1 Before the war it was widely believed that a woman's place was in the home.
New laws, better education and new technology opened up more opportunities
for women, however it was clear that only by winning the vote would women's
lives significantly improve.
1.1 The Suffragette and Suffragist campaigns
were in full swing before the outbreak of the
war. When war was declared both
organisations suspended their campaigns.
The Suffragettes demanded the "right to
1.2 The biggest increase
in female employment
was in engineering.
Over 30,000 Scottish
munitions in places
such as Glasgow,
1.3 Women were needed to fill the gaps in the home front especially
after conscription was introduced. Industries which had previously
excluded women now welcomed them. Women worked in Transport,
farming, munitions, on the docks and in the police. Man women also
served on the Western Front as nurses and ambulance drivers and
often faced grave danger.
2.1 Trade unons were worried about dilution - the practice of
using unskilled workers to do skilled jobs.
2.1.1 When men returned from war,
employers might try to reduce their
wages or even worse employ female
2.2 THE DILUTION SCHEME - broke a job down into stages and women would be trained
to do a stage each. This reduced concerns that women in the workplace would
undermine skilled male workers.
3 The 1915 Rent Strikes
3.1 The 1915 rent strikes were significant as they
showed how ordinary women can organise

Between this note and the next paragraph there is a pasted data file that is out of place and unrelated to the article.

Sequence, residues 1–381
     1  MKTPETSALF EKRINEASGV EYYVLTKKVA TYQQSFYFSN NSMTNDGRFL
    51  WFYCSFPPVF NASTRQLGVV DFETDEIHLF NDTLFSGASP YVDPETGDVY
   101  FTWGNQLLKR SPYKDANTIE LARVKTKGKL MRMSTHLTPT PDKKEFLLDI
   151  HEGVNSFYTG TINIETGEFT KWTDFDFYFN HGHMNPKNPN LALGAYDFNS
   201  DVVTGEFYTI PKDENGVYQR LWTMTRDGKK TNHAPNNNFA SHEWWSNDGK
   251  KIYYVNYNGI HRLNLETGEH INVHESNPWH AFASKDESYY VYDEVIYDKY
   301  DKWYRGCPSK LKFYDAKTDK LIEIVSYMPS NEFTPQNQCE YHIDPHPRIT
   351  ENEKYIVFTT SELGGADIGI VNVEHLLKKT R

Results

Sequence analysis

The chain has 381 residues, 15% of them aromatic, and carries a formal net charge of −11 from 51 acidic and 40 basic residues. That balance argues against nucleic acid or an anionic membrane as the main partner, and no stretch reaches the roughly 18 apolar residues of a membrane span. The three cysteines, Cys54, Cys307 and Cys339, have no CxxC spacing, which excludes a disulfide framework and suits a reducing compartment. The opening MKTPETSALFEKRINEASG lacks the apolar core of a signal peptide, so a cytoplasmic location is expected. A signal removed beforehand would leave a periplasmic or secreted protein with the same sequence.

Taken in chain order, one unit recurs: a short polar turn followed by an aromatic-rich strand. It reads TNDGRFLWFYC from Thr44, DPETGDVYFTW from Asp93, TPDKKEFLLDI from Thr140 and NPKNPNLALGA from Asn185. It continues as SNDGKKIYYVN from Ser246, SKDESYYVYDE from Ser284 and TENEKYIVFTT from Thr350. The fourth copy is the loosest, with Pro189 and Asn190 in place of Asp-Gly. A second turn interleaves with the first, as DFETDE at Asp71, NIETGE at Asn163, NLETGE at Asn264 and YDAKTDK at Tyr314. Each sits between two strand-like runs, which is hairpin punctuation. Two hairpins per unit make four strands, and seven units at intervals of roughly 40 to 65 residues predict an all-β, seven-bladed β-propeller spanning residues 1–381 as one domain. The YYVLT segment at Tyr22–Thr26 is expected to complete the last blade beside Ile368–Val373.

themselves and challenge authority in order to
improve their lives. Demand for housing increased
dramatically during the war. Workers searching for
accommodation took whatever they could get.
Unscrupulous landlords raised rents some by 20%.
3.2.1 Helen Cruwfurd, Mary Barbour, Agnes Dollan
and Jessie Stephens formed the Glasgow
Women's Housing Association to fight the rent
rises and evictions. They received support from
trade unions and the ILP. Women tried to prevent
evictions by crowding on the stairs and
"Bombing" Sheriff officers with bags of flour.
3.3 Reactions to the Strikes
3.3.1 The Government was anxious about any
disruption to the vital munitions industry of
which Glasgow and the Clyde were part of.
The women argued they were not disrupting
the war effort. They argued fair rents would
prevent profiteering and exploiting of
munitions workers. In addition it would prevent
evictions of local workers for non payment of
3.4 The landlords threatened evictions, fines and
imprisonment. The women began a rent strike in 1915
and 25,000 tenants in Glasgow joined in. Rent strikes
spread to Aberdeen and Dundee. A mass demonstration
took place in George Square on the 17th November and
thousands of men and women marches to Glagsgow's
Sheriff court. Male workers in iengineering and munitions
joined the strike. Employers were increasingly worried
about the effect on wartime production.
3.5 The solution
3.5.1 The Rent Restriction Act froze rents at the 1914
levels unless improvements were made to the
property. This resolved the rent strikes and
prevented any disruption to wartime production.
Some argue that the rent strikes politicized women
and gave them a political role campaigning for
change. Others would say that women were simply
defending their domestic environment - poor
housing was one of the biggest issues facing
working class families.
4 The 1918 Representation of the People Act
4.1 the !918 Act gave the vote to women over 30 who
were householders, wives of householders,
occupiers of property with an annual rent of £5 or
university graduates. It was middle/upper class
women who really benefited. Men over 21 (over 19
if they served in the army) were also given the
vote. Women now made up 40% of the electorate.